In short, public transportation will take you where you want to go, and you can use it all you want on an electronic card that can be paid by the week or by the month (about $70 these days). Taxis, of course, can also be summoned anywhere by phone.

The lesson for big-city mayors: If you’re going to squeeze the cars, first primp the public ride.

Mayor Delanoë’s latest front in the anti-car war is the bicycle. Last week, more than 10,000 stolid, gray-painted bicycles (no Tour de France speedsters) became available for rent at 750 self-service locations across Paris. The cost is modest, less than $1.50 for a one-day pass, about $7.50 for a week and about $43.50 for a year — and the bikes can be dropped off at any docking station. The number of bikes is supposed to double by the end of the year. Already in their first week, the bikes are all over central Paris, many carrying commuters — and, yes, some New Yorkers. (An outdoor advertising company paid for everything in return for exclusive use of city-owned billboards.)

Lesson for all big cities: This is an idea whose time has come.

Now, a word about cars. In American cities, it’s “big.”

Parisians overwhelmingly buy small cars. And it’s not because people are petite, but because fuel is drop-dead expensive. Gasoline costs more than twice as much in Paris as in New York.

But the price of diesel fuel is deliberately set far lower. That’s because diesel-powered cars produce about 30 percent less greenhouse gas pollution than equivalent gasoline-powered engines. So car-buyers in Paris get small, diesel cars not because the French are virtuous (a separate topic), but because it makes economic good sense.

Many of these small cars have ample room for full-size people and have no trouble maintaining (or seriously exceeding) the 130 kilometers-per-hour (about 80 m.p.h.) limit on the national highways and are as clean and almost as quiet as gasoline engines.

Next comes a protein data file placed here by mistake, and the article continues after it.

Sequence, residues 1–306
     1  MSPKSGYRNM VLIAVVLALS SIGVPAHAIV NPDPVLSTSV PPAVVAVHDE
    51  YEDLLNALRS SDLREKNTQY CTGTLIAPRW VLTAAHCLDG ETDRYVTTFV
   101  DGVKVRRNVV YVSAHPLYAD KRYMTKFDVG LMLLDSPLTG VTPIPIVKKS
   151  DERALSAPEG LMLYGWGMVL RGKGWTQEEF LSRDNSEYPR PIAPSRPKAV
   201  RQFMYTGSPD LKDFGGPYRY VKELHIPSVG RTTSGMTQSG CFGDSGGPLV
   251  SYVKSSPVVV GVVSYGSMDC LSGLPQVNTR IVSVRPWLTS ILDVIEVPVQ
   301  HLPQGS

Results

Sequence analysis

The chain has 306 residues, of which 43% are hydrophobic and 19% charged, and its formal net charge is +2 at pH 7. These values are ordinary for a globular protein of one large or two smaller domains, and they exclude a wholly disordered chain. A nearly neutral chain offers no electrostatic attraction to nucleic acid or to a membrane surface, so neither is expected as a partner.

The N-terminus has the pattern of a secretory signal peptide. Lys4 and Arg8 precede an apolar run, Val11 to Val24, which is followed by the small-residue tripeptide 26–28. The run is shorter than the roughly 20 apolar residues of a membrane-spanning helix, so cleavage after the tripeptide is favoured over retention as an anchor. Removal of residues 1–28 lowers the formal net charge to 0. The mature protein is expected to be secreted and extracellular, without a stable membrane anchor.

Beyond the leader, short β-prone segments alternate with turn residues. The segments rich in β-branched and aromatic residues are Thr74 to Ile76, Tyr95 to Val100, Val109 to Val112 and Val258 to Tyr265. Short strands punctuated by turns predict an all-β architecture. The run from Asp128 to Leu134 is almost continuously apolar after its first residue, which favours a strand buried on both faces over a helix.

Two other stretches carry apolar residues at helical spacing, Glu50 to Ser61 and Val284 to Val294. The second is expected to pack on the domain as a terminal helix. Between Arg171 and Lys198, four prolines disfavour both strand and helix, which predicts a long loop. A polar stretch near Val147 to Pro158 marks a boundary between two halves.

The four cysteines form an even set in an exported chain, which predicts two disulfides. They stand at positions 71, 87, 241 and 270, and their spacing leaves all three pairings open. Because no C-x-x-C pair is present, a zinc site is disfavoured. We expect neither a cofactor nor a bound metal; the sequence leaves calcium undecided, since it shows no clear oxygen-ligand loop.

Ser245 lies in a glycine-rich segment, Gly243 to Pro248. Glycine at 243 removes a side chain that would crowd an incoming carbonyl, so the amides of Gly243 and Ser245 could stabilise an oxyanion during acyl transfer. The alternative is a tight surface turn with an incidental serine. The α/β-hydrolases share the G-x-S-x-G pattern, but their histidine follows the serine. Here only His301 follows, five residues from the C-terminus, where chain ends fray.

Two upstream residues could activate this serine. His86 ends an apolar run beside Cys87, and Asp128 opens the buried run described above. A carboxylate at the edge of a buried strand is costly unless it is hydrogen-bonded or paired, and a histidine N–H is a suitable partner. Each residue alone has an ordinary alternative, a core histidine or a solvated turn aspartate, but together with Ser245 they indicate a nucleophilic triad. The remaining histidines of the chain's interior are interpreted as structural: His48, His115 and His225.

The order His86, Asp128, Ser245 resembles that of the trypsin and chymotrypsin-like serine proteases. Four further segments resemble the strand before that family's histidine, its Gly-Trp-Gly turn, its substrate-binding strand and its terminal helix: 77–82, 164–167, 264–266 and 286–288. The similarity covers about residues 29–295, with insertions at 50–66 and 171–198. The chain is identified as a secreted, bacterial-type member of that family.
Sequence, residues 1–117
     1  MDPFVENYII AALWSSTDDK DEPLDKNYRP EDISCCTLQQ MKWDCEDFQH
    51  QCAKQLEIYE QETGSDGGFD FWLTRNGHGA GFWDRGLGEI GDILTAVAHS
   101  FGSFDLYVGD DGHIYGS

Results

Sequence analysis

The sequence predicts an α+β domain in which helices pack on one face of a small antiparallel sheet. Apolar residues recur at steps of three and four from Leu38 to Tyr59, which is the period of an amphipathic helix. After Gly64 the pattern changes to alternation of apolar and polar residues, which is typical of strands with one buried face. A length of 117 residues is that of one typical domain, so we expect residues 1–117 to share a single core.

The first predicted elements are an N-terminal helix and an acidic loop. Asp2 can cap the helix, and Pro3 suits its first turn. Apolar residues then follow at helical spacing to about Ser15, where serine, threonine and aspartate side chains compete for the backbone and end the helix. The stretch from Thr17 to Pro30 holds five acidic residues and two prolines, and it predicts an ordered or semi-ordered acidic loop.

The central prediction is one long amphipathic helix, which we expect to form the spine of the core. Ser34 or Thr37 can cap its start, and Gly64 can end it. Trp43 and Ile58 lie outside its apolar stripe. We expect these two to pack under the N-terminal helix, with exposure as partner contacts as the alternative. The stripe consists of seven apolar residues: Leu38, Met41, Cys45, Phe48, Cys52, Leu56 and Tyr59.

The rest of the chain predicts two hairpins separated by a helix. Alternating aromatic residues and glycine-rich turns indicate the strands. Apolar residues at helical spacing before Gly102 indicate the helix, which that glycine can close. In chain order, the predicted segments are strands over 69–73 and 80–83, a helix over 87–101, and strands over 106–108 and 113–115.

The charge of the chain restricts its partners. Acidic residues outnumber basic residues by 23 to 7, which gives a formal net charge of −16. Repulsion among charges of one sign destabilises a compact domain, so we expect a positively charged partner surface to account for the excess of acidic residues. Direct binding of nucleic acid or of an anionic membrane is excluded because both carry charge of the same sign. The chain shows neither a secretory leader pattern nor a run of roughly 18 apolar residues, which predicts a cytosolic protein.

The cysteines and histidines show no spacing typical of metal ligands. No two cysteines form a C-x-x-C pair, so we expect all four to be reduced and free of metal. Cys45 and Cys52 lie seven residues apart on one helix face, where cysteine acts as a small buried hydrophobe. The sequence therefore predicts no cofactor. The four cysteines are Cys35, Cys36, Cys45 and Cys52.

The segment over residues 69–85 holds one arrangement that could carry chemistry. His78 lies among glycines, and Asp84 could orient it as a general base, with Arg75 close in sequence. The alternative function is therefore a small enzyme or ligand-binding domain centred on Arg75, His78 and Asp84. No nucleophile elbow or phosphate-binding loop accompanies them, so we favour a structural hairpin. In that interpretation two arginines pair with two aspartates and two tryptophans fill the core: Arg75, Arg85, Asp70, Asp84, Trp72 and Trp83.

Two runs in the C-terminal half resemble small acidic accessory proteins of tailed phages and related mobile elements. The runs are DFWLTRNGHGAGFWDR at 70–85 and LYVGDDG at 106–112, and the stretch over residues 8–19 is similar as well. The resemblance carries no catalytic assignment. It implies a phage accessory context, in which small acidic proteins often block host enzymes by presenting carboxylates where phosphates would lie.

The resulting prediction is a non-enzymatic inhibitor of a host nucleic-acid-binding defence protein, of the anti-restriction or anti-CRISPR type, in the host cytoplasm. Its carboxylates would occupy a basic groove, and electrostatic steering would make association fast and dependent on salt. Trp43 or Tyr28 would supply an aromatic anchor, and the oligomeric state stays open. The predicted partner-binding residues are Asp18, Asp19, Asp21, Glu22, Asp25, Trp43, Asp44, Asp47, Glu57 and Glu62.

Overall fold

The lesson for the next U.S. president: raise the taxes on fuel. A lot.

Copyright 2007 The New York Times Company

July 27th, 2007, 04:13 PM
one of the things I like about NY is the LACK of a light rail messing traffic up even more.

but I agree...Paris by car...fuhget about it.Especially with all those crazy Parisians riding their scooters weaving through lanes like they're on a suicide mission.

I drove a small Diesel rental last time I was in France. If you think cars are small, wait till you see the parking spaces :)

July 27th, 2007, 06:56 PM
I've always been a fan of trams, and i'm glad to see they are making a comback in Paris - i'll look forward to using the system in the future when i visit paris. Most European cities have a tram system, on this side of the channel too they have also been making a comeback. Looking at old maps most English cities were criss crossed with tram lines, all of which disappeared after the war. Now they are re-appearing again. The most successful being Manchester, with several more lines panned:


http://img.search.com/thumb/3/3a/Metrolink_tram.jpg/300px-Metrolink_tram.jpg A manchester tram

Sheffield in Yorkshire:

http://news.bbc.co.uk/media/images/38162000/jpg/_38162482_tramgeneric300.jpg a sheffield tram

Croydon in south London


http://www.london-se1.co.uk/news/imageuploads/1164048992_62.49.27.213.jpg croydon tram.

There are others too, but its good to see their return. Its a bit of a 'geekish' interest of mine. Are there plans for a tram system in New York? Anyway as this is about Paris i don't want to hijack the discussion.

July 27th, 2007, 08:42 PM

This is my neighborhood, you can still see the Tram tracks in certain places on McDonald ave I believe.

Brooklyn, New York...birthplace of the Tram-way.